Longhorn is the largest hardware-accelerated interactive visualization cluster in the world and has supported these real-time interactions for users as remote as Saudi Arabia. Longhorn is also able to manage incredibly huge data sets, including highly detailed visualizations created to study the instabilities in a burning Helium flame.
Nautilus, an SGI Altix UV1000 system, is another large computing system designed for remote visualization and analysis. It, too, has significant amounts of computational and GPU capacity, but it has a significantly different architecture than Longhorn. Nautilus is a symmetric multiprocessor (SMP) machine, one where the system shares all of the available memory with all of the processors. The scientists see 1,024 CPU processors and 4 TB of memory as one single system. The system also contains eight GPUs for general-purpose processing and hardware-accelerated graphics.
"Graph and societal network analysis. Correlation and document clustering. There are all sorts of analyses that are not amenable to a cluster type of architecture," explained Sean Ahern, director of the Center for Remote Data Analysis and Visualization at NICS (the center that operates Nautilus), and visualization task leader at Oak Ridge National Laboratory. "We've been able to accelerate the science that researchers are already doing, taking it from weeks to hours, and we have other projects where the size of the memory means researchers can pull in entire datasets where they were never able to do so before."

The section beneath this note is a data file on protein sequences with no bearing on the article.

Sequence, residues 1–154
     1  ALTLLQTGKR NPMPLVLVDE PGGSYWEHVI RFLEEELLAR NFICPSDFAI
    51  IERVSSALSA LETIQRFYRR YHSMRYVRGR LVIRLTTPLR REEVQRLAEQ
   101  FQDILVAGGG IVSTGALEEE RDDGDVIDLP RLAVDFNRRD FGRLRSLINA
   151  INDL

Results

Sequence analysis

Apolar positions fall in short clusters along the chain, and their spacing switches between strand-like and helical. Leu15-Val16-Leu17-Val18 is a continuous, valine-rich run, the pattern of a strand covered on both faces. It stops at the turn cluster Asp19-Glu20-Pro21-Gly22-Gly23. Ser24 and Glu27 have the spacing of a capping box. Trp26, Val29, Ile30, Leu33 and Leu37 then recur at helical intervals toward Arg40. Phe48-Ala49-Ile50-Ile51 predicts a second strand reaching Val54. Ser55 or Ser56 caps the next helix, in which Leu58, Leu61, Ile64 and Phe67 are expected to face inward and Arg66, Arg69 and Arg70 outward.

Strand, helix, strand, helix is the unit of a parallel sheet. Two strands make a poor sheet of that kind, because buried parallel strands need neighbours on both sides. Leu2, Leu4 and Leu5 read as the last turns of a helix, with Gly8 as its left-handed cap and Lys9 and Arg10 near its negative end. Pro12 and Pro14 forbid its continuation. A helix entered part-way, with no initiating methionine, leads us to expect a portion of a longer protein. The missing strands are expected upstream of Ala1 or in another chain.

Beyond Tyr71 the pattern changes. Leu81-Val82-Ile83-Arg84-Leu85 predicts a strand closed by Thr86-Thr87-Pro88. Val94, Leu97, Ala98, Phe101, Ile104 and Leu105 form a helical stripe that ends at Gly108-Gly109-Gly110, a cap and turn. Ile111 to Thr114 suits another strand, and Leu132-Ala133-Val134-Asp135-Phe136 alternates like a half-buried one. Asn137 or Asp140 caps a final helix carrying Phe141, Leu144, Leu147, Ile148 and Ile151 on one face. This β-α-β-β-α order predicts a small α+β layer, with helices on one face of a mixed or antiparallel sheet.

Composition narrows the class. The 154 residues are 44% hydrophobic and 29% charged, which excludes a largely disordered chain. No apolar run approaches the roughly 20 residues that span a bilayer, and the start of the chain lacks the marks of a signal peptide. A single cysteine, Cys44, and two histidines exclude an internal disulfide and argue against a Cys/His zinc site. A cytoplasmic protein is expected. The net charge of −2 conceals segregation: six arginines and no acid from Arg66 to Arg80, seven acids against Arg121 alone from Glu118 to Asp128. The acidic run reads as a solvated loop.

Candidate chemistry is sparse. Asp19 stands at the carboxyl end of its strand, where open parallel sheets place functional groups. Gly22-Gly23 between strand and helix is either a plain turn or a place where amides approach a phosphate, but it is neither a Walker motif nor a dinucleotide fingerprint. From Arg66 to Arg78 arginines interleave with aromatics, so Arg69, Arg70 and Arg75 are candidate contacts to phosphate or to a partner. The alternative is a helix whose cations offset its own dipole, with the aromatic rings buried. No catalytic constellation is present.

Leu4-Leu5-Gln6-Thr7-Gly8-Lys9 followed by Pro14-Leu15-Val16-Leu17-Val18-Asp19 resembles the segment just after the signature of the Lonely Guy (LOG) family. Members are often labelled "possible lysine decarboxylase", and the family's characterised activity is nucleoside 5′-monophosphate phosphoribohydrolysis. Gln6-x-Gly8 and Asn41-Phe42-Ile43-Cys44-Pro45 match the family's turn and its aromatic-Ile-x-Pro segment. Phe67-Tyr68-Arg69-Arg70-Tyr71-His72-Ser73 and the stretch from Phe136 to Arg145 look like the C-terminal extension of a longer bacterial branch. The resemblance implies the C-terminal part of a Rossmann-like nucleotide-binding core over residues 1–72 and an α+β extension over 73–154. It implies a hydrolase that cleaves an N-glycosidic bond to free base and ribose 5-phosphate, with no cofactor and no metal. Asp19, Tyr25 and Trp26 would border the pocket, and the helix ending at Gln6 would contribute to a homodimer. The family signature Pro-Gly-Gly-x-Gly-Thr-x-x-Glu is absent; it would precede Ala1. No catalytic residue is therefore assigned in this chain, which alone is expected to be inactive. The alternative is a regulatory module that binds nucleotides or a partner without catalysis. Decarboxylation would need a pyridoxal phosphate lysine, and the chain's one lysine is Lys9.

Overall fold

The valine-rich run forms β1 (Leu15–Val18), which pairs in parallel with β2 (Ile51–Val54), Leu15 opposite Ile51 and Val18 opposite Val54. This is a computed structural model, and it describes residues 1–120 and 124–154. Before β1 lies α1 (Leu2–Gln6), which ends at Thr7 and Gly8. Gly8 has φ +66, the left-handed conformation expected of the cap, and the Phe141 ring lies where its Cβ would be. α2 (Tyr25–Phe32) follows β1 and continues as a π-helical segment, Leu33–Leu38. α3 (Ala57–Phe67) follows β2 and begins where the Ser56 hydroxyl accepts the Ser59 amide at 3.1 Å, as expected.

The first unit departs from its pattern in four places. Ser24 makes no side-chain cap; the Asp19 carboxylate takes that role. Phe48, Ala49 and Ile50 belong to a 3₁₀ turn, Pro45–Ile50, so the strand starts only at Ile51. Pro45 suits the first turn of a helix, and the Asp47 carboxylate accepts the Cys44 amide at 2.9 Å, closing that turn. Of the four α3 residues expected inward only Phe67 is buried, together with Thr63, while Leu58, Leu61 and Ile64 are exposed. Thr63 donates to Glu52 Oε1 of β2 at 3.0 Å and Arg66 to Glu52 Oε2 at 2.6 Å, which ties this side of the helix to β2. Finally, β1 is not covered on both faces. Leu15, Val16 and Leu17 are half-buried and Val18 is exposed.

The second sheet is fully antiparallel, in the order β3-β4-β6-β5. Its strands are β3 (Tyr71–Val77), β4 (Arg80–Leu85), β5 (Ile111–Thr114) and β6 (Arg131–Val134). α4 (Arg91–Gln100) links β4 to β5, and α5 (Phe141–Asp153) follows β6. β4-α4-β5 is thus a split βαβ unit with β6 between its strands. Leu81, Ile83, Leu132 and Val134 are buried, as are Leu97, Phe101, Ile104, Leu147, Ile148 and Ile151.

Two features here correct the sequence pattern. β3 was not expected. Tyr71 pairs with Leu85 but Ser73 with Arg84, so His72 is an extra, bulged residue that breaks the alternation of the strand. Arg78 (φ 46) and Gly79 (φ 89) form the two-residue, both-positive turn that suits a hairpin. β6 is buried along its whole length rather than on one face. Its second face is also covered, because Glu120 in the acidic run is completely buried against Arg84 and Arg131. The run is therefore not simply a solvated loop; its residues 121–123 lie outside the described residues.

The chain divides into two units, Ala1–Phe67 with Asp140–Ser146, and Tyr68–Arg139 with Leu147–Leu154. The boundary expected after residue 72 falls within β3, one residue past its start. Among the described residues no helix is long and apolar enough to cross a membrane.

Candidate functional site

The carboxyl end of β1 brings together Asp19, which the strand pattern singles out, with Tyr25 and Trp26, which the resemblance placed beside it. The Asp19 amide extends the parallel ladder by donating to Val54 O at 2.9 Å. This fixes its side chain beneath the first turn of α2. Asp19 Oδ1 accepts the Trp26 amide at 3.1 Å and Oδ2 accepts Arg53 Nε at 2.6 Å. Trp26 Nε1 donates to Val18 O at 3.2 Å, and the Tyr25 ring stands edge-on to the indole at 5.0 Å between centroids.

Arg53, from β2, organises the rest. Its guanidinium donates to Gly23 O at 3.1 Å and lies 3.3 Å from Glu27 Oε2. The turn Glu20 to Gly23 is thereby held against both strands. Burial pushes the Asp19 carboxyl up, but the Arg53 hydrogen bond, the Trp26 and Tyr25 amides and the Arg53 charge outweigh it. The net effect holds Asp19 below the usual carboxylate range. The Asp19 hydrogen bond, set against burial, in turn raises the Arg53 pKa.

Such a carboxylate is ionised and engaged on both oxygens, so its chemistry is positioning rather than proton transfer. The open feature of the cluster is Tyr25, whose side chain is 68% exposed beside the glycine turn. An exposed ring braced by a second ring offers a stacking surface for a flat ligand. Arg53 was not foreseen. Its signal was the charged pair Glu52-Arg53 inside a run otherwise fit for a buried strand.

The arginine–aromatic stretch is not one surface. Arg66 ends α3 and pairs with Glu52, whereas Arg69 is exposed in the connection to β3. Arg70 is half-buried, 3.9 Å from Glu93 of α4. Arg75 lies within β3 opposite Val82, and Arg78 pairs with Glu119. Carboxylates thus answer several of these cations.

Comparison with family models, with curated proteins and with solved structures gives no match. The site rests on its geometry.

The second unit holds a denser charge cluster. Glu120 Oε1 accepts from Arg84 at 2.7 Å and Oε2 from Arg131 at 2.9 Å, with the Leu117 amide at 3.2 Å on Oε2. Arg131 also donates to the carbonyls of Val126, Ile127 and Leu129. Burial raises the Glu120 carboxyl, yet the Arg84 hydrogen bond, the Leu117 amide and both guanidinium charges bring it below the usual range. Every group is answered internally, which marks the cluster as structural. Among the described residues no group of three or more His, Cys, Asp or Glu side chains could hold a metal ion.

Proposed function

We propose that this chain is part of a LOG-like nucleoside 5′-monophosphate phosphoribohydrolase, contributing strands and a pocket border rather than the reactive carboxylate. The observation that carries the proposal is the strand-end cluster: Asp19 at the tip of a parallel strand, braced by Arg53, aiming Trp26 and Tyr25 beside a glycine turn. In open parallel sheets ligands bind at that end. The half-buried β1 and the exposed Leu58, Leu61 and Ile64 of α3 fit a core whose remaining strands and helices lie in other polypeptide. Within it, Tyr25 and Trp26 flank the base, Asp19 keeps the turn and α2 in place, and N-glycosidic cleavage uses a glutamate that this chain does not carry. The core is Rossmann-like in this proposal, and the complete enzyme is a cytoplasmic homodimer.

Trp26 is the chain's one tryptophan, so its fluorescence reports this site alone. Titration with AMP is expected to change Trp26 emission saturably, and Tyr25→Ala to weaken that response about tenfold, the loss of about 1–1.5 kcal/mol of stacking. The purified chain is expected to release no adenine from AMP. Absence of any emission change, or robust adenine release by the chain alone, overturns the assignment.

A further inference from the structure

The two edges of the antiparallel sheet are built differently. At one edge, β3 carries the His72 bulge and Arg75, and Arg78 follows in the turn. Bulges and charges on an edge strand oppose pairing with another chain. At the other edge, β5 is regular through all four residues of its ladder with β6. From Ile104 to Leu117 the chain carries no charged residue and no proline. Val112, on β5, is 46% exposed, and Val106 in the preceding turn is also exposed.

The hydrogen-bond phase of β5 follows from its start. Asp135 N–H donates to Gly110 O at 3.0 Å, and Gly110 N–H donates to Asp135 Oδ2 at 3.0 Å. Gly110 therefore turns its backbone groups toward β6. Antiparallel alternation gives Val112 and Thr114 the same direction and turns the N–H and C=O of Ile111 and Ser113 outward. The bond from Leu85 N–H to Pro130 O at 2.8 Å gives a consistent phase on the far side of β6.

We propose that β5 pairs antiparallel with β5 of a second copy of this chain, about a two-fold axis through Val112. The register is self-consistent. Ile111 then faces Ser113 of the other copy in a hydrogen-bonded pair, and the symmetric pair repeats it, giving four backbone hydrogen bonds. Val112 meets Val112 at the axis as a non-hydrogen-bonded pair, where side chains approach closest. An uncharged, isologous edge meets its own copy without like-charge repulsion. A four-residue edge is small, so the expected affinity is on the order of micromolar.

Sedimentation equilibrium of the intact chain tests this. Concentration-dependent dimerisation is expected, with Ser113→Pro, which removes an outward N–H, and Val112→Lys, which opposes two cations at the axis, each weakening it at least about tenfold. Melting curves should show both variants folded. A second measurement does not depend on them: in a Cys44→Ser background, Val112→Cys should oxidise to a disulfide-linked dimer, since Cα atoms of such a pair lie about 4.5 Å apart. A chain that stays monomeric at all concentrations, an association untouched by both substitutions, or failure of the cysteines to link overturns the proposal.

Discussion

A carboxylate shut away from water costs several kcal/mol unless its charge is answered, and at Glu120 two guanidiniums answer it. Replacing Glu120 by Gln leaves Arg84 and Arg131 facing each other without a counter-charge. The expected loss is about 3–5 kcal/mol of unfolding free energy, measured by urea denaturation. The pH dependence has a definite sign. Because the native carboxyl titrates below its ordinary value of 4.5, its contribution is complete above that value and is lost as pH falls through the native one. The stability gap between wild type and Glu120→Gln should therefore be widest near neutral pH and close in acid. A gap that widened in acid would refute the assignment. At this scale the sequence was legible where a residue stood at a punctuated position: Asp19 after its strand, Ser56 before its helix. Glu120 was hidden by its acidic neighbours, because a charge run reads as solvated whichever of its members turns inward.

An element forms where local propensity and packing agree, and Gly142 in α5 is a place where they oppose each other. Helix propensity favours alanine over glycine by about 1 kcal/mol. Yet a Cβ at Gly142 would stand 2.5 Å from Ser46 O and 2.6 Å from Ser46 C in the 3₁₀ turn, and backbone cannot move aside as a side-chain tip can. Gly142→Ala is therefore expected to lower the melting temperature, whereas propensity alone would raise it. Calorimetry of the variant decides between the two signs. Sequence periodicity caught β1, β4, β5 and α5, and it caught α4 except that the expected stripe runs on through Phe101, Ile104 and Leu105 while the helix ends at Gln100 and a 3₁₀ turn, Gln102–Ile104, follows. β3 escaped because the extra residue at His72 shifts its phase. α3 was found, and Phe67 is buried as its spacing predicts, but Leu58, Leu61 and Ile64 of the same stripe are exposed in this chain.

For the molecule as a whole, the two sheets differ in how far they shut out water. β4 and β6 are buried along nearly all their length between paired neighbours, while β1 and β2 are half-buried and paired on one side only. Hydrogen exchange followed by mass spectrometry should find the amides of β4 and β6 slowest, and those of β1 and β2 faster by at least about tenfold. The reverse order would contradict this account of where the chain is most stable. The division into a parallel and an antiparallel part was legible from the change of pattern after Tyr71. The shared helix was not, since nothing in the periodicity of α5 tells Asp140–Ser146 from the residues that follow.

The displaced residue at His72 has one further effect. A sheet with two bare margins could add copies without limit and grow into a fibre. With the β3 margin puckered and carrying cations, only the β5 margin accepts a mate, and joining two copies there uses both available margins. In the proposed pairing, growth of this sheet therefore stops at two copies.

Rather than proposing pure visualization systems, as have dominated in the past, these machines were built to be multipurpose, allowing interactive and batch visualization, GPGPU (general-purpose GPU-based) computing, traditional HPC computing, and new kinds of data analysis.
This composite nature allows the systems to provide improved visualization resources to the academic community, while remaining fully used to maximize the public investment.
Like all resources in the XSEDE infrastructure, Longhorn and Nautilus run 24 hours a day, 7 days a week, 365 days a year, and are supported by expert staff at the host centers. The resources are available to U.S. researchers through an XSEDE allocation from the National Science Foundation.
Over the course of the past year and a half, 1,560 scientists have used Longhorn and Nautilus, applying their unique speed and capabilities to wide-ranging science problems, while also exploring what role GPU-processing can play in science generally.
The results emerging from the systems are encouraging.
Some of the notable successes on Longhorn are a collaboration with the National Archives and Record Administration to develop a new visualization framework for digital archivists; visualizations of the Gulf oil spill that helped the National Oceanic and Atmospheric Administration and the Coast Guard locate and contain oil slicks; record-setting molecular dynamics simulations of surfactants, which are used in detergents, manufacturing, and nanotechnology; and visualizations of the earthquake in Japan.